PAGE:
Mixed/Hybrid Accents

Shatnerian   Fri Mar 16, 2007 8:28 am GMT
It seems that many people on this board claim to speak with one distinct regional accent or a version of the so-called standard American, British, Canadian, etc. accent, but what about those of us who speak with a hybrid or mixed accent? Do people frequently mistake you for being from a wide variety of different places?
Skippy   Fri Mar 16, 2007 10:20 am GMT
My accent a hybrid of Southern and California English... I say ya'll and have more monophthongized diphthongs than most in California, but vowels like the /ou/ in "phone" and "moan" I tend to front the 'u.' Also, I say like and dude a lot... :-P
Sarcastic Northwesterner   Fri Mar 16, 2007 2:51 pm GMT
Well, I don't have a hybrid accent--I have a Northwestern accent. But it seems, that this one is the least identifyable of all. Texans and Oklahomans tend to think I have a Californian accent; Californians and Arizonans think I have a Midwestern accent; Midwesterners and Canadians think I have a Canadian accent; New Yorkers and New Jerseyans tend to think I have a Massachussetts accent, and Massachusetts people think I have a Florida accent.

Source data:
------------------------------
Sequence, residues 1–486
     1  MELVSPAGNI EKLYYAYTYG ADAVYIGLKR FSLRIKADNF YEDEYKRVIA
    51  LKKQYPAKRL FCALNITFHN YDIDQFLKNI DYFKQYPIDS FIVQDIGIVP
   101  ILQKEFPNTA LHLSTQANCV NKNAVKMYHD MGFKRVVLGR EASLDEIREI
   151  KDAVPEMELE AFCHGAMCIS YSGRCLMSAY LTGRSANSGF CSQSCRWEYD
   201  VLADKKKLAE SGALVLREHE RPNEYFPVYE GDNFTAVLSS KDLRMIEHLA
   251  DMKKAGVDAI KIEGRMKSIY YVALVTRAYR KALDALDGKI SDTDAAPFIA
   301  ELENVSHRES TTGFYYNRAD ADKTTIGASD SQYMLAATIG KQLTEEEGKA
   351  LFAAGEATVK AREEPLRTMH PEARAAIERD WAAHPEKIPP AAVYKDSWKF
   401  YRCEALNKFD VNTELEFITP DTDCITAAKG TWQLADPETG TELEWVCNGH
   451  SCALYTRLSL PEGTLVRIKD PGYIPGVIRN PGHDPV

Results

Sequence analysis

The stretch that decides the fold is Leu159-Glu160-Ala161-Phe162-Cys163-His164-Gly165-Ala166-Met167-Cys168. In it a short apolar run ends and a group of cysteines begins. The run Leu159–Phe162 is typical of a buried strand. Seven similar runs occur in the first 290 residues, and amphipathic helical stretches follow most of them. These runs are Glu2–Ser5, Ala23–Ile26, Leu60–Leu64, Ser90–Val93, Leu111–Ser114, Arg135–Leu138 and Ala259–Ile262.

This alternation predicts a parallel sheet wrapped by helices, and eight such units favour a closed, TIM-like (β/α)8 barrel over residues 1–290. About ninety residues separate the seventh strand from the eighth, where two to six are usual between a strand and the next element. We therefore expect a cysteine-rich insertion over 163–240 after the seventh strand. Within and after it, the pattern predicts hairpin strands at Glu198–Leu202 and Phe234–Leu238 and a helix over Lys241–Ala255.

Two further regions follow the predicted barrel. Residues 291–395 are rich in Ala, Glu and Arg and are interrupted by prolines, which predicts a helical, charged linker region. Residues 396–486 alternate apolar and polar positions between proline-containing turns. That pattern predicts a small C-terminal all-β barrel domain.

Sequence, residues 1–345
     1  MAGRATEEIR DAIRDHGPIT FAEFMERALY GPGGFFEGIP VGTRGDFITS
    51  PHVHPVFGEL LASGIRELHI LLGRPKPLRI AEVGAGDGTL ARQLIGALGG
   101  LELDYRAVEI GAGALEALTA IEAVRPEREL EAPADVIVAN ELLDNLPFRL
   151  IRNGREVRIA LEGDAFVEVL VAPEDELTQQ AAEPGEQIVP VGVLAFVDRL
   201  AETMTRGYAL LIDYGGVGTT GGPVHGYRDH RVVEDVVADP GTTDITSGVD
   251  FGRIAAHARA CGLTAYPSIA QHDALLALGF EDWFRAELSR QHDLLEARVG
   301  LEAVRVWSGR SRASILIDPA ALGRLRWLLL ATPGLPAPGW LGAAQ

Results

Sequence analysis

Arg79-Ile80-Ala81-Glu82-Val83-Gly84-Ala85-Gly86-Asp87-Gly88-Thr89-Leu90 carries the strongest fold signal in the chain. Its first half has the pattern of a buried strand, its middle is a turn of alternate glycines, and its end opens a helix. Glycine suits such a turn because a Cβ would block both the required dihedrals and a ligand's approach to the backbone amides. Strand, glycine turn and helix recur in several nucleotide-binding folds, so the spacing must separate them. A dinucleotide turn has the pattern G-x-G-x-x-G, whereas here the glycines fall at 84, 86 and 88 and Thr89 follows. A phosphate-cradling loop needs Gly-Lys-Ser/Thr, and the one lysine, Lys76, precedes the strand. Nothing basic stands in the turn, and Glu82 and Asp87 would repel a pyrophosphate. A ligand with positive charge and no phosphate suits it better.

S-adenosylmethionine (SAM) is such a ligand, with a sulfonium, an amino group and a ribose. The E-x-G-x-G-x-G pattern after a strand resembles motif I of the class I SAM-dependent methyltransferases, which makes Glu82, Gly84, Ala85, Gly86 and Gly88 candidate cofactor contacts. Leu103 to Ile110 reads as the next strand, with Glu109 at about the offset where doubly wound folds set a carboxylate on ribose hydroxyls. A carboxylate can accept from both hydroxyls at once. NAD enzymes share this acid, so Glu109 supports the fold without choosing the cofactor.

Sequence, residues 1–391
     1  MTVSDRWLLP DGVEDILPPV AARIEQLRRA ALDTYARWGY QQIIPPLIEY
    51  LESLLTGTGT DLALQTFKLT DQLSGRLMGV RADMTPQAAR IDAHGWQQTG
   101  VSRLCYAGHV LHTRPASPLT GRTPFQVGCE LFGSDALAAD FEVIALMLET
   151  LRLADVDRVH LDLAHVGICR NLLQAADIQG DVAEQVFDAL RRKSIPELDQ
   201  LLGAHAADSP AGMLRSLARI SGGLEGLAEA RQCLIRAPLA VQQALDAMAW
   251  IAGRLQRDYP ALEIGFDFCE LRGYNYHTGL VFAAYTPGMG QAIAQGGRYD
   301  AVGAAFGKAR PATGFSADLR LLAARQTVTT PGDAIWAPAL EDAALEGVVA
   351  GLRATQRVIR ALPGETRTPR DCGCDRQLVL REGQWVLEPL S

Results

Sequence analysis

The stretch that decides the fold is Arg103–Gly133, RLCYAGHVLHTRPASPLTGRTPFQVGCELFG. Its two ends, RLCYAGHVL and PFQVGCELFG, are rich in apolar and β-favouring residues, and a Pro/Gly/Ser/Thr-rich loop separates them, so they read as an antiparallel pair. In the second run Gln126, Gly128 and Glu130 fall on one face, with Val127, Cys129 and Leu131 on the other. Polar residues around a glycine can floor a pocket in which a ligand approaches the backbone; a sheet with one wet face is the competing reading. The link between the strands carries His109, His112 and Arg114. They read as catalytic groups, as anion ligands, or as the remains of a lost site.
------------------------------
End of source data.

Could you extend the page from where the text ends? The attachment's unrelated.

Weird, eh?

So... I think no one knows what a Northwestern accent sounds like....
Shatnerian   Wed Mar 21, 2007 9:16 am GMT
The Northwestern accent is definitely hard to pin down. Based on my observations from living here, there are about three different accents in the Pacific Northwest.

People who were born and raised in the Northwest generally do not comment on my accent, but it seems to draw a lot of attention from people who were born and raised in California. They can tell that I am not from the Northwest or California, and usually peg me as Canadian or Upper Midwestern. However, when a native Northwesterner does notice my accent, they generally assume that I am from British Columbia or Alberta.

However, people in other parts of the country seem to have a wide variety of responses. Some have even told me that I do not have an accent, but I know that is false. I think if I had to define it, it would be a mix of North Central, Central Canadian, Pacific Northwestern, and a dash of the Mid-Atlantic.